If there is one overarching, primary security principle, it is this: Never Trust the User. In fact, we should write it like this:
NEVER TRUST THE USER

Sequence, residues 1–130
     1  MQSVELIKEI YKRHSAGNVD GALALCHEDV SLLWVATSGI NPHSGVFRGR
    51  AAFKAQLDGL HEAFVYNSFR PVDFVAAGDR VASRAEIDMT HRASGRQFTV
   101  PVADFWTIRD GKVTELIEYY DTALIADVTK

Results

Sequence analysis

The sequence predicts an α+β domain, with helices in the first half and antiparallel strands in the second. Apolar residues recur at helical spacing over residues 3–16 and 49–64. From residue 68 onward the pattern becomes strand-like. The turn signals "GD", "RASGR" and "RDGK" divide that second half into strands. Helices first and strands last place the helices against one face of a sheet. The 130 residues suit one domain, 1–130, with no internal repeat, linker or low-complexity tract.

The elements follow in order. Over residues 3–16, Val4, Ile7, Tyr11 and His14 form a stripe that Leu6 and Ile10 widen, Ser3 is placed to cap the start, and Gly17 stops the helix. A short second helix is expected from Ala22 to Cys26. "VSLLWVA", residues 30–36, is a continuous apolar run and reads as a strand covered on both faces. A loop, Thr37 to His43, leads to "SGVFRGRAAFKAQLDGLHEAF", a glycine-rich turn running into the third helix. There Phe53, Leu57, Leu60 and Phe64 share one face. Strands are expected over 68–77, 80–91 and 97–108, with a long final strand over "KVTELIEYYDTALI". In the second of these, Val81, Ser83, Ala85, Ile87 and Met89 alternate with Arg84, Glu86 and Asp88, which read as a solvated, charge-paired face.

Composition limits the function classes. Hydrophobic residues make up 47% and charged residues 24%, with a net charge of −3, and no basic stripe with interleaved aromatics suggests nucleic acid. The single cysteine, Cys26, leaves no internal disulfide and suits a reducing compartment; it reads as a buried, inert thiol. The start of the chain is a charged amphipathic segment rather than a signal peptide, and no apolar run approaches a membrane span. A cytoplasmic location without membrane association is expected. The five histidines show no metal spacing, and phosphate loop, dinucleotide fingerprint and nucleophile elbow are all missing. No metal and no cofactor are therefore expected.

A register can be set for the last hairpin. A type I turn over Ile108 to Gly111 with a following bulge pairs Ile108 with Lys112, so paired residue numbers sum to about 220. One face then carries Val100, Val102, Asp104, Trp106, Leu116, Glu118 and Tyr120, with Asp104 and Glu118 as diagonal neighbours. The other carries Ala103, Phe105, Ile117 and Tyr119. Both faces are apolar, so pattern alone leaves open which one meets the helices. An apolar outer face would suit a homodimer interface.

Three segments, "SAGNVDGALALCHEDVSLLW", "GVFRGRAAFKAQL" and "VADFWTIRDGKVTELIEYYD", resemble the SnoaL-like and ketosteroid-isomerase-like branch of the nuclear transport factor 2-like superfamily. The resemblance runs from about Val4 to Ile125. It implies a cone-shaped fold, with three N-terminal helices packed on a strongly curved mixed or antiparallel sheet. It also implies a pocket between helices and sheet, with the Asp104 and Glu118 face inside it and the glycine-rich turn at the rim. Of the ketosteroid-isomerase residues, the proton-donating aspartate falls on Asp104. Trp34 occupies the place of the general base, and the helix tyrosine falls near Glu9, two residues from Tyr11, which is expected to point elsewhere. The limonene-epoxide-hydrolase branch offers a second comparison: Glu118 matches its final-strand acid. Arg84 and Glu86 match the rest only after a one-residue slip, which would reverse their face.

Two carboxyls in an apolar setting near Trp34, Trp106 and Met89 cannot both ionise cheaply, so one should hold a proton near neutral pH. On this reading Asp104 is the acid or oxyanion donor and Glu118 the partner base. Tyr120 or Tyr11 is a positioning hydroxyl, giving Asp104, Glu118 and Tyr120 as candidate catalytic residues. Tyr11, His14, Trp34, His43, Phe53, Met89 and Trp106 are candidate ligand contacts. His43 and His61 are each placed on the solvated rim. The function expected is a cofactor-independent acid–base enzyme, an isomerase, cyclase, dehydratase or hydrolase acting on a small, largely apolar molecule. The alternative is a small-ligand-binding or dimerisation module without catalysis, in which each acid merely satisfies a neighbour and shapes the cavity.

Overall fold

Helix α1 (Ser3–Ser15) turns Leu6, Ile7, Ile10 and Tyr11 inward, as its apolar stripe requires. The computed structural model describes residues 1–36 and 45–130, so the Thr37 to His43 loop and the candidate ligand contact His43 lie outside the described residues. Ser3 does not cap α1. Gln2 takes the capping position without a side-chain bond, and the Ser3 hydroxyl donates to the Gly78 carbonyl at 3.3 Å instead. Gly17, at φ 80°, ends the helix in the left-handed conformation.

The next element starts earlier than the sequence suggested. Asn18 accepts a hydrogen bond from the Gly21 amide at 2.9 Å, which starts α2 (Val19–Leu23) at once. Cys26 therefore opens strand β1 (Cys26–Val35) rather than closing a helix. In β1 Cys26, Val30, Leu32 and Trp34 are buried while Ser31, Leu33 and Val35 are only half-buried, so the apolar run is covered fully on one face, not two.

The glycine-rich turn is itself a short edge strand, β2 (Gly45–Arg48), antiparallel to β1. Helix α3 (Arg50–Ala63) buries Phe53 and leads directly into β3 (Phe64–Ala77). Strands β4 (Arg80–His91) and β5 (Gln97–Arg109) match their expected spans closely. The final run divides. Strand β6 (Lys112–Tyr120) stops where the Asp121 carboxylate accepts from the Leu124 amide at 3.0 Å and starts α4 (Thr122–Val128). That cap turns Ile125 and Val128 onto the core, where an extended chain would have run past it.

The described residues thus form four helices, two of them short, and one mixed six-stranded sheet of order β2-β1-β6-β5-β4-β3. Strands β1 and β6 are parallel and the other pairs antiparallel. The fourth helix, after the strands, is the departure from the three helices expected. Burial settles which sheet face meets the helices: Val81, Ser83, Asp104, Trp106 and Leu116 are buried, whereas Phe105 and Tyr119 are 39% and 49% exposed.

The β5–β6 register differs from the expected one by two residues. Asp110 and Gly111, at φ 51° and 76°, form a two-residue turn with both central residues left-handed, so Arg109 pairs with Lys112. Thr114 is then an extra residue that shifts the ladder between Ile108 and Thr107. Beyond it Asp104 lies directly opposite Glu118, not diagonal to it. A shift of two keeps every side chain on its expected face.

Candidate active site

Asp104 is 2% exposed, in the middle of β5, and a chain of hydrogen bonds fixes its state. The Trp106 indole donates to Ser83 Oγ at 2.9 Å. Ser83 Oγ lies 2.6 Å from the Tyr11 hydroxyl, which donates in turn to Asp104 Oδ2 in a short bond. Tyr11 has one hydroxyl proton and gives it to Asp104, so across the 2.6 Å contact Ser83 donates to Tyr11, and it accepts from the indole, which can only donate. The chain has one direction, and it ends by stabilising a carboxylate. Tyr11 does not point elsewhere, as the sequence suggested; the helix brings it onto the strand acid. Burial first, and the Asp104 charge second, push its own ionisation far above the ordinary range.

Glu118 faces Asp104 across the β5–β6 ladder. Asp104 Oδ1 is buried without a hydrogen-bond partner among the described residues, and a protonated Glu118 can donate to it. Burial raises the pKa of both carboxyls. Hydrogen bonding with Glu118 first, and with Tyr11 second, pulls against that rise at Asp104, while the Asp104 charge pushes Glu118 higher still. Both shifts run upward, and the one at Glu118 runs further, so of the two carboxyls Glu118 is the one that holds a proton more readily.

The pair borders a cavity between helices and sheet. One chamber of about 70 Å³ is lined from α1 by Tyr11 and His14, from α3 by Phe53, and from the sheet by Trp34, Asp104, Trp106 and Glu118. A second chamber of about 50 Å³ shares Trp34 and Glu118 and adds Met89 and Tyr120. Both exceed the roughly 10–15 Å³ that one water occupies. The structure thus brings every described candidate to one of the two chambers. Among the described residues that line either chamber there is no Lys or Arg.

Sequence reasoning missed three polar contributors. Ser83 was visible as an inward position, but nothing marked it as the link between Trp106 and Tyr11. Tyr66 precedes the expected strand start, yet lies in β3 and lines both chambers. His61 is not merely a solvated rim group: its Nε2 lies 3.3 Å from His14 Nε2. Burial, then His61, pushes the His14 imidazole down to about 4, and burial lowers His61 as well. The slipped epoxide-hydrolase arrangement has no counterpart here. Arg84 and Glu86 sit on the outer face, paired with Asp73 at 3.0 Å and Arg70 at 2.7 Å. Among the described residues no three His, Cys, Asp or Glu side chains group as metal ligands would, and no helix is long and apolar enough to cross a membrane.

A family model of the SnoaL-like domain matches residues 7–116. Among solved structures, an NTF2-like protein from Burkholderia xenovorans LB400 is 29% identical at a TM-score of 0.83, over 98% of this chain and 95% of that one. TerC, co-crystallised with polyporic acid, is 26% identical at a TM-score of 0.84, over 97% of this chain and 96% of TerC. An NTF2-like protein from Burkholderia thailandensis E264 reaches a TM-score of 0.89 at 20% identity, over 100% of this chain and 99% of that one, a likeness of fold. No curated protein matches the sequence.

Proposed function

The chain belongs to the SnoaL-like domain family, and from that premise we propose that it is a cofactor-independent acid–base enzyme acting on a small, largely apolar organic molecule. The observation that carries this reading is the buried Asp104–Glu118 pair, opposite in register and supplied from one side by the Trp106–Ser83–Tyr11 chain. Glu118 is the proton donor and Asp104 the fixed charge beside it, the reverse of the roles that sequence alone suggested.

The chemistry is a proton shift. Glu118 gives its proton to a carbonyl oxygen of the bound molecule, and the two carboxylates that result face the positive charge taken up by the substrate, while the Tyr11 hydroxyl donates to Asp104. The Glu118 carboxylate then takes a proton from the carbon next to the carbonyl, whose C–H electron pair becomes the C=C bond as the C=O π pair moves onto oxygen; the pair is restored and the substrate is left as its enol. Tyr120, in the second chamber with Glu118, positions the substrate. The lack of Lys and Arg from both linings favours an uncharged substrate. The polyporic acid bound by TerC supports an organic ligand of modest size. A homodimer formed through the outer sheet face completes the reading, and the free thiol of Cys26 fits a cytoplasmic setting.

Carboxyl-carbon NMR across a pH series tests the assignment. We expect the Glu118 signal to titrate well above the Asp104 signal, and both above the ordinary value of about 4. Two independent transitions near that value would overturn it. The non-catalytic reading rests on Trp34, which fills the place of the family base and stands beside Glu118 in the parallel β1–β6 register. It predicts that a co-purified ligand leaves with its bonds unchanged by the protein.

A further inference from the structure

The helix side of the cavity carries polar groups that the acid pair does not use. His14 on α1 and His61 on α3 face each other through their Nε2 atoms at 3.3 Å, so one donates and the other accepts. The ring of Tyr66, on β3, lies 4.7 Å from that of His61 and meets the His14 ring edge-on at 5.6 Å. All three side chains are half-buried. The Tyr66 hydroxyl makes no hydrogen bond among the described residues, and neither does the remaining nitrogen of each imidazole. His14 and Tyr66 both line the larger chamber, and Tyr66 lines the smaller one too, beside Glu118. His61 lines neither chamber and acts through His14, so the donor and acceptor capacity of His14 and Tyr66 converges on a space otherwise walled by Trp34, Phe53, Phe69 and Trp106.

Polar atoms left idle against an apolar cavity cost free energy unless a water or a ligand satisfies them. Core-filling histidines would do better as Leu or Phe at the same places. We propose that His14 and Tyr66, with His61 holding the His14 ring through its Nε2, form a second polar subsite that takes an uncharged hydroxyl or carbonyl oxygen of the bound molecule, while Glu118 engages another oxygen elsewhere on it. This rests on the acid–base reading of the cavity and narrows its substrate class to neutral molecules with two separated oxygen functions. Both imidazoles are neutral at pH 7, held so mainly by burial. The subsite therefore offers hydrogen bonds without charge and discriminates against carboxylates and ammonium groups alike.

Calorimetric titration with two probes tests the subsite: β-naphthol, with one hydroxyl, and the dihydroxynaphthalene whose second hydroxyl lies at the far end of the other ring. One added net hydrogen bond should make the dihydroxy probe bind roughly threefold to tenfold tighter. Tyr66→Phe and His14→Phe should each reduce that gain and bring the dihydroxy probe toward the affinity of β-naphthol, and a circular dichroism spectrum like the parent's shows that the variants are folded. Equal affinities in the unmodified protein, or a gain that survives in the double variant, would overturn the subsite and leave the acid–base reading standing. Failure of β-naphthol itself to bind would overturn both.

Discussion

We understand that taking this viewpoint may seem overly negative or pessimistic. After all, our users are the reason that we create products and services in the first place. It almost seems disloyal not to trust them, as if we’re an overly suspicious shopkeeper who plasters “Camera Surveillance 24/7” and “Shoplifters Will Be Prosecuted to the Full Extent of the Law” signs all over his store and keeps an eagle eye on anyone who walks in his door. And what makes matters even worse is that we want—actually, we need—our users to trust us. We ask a lot from them. We ask them for their ...